The Death of Traditional Management
Steve Denning, author of “The Leader’s Guide to Radical Management” (Jossey-Bass, 2010) has published a great article on Forbes.com entitled “Wal-Mart And The Futility Of Traditional Management”. In this article he points out the declining business numbers of Wal-Mart and compares them to thriving and innovative businesses such as Amazon. He explains that the central reason for this decline is traditional management of the 20th century in which profits are the driver of economic activity. But, “working over “pricing and merchandising issues” isn’t going to save Wal-Mart. Instead Wal-Mart has [to] reinvent itself. Wal-Mart has to start delighting its customers.”
It is true that Wal-Mart is an excellent example of “traditional management” as we have seen in so many firms for a very long time. It is also true that Wal-Mart has to change something unless it was go down the drain sooner or later. However, I am not convinced that a change in management may be sufficient. Radical management as Steve describes it in his book is the right ingredient. Alas, I don’t think they are sufficient. What it takes to change the game in cases like Wal-Mart is LEADERSHIP. This leadership ought to be based on the principles of radical management. Leadership has to ignite the fire for change and innovation; radical management can sustain it.
The 7 basic and inter-locking principles of radical management according to Steve Denning are the following:
1. The goal of work is to delight clients.
2. Work is conducted in self-organizing teams.
3. Teams operate in client-driven iterations.
4. Each iteration delivers value to clients.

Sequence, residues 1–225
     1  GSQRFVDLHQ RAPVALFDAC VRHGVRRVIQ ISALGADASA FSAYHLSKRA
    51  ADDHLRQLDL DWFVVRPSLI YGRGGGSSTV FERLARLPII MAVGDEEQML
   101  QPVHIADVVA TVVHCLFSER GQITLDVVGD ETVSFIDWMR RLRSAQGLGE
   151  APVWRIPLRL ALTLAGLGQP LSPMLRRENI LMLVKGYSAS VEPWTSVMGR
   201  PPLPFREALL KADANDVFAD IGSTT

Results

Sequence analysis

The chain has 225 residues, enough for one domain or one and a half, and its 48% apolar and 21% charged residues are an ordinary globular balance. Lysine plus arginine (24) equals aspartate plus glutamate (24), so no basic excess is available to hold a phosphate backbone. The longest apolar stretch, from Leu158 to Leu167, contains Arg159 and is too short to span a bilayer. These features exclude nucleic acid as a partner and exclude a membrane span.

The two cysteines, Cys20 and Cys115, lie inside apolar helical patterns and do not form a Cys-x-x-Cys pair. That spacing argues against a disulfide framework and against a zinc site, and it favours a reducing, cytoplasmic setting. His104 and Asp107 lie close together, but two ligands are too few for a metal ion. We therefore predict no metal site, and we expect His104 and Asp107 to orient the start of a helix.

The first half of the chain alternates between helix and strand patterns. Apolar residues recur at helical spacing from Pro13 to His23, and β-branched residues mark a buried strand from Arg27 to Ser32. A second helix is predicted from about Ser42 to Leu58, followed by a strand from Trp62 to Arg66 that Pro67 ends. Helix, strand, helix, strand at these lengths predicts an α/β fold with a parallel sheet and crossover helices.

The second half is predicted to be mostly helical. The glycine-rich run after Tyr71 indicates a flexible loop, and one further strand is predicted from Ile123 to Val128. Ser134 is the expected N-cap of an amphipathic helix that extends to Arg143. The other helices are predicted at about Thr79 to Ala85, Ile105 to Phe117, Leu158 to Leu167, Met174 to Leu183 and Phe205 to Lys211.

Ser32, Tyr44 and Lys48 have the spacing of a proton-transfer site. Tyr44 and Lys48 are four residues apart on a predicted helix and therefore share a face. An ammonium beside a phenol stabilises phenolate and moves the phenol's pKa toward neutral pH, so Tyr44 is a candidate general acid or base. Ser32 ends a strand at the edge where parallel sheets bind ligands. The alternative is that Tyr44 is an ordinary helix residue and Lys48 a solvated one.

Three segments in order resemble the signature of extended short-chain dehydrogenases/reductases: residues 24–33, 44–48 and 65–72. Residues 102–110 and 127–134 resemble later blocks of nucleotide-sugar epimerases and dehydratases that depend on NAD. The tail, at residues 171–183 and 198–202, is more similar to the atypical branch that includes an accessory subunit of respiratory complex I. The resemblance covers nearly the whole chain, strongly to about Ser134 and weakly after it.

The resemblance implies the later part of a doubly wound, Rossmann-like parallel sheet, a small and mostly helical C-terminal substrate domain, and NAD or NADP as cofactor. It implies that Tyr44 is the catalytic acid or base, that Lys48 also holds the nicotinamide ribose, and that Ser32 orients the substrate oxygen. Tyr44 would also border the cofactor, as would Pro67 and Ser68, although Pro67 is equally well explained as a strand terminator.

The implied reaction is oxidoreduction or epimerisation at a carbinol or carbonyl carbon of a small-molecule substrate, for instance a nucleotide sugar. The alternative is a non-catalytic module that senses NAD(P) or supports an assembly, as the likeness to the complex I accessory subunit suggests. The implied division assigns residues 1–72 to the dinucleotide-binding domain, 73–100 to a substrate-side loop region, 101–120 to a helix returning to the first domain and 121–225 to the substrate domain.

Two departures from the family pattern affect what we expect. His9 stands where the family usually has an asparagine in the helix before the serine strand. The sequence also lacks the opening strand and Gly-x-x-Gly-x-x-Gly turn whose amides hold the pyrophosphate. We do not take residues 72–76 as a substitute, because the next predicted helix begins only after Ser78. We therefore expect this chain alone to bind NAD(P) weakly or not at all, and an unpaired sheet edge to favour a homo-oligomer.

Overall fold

5. Managers foster radical transparency.
6. Managers nurture continuous self-improvement.
7. Managers communicating interactively through stories, questions and conversations.
Leadership starts with assessing and understanding the situation; this includes understanding its customers and finding out what delights them. This is a first step. Then leadership has to help build a vision for change. Without this vision, the “project” is likely to fail.
It will be very interesting to see whether or not Wal-Mart will be capable of making this change. Personally, I have some doubts. In Germany Wal-Mart miserably failed in its market entry. Not because it sold the wrong products. Not because the products were not always cheaper. But because Wal-Mart did not bother trying to understand the culture of German customers. This is negligence, yes. But even more so it shows that Wal-Mart has the wrong attitude; it lacks the willingness to look left or right. Call it arrogance, ignorance or whatever you like. It is the recipe for long-term failure.
Wal-Mart has a lot of money and a lot of assets. These will secure that Wal-Mart will be around for quite some time to come. However, as long as it limits its focus on managing them, its business will deteriorate. Radical management as proposed by Steve Denning is a necessary condition for change but it is not sufficient. What it takes is LEADERSHIP based on radical management.
To learn more about this kind of leadership for success, read my book “Leadership Principles for Project Success” (CRC Press, 2011).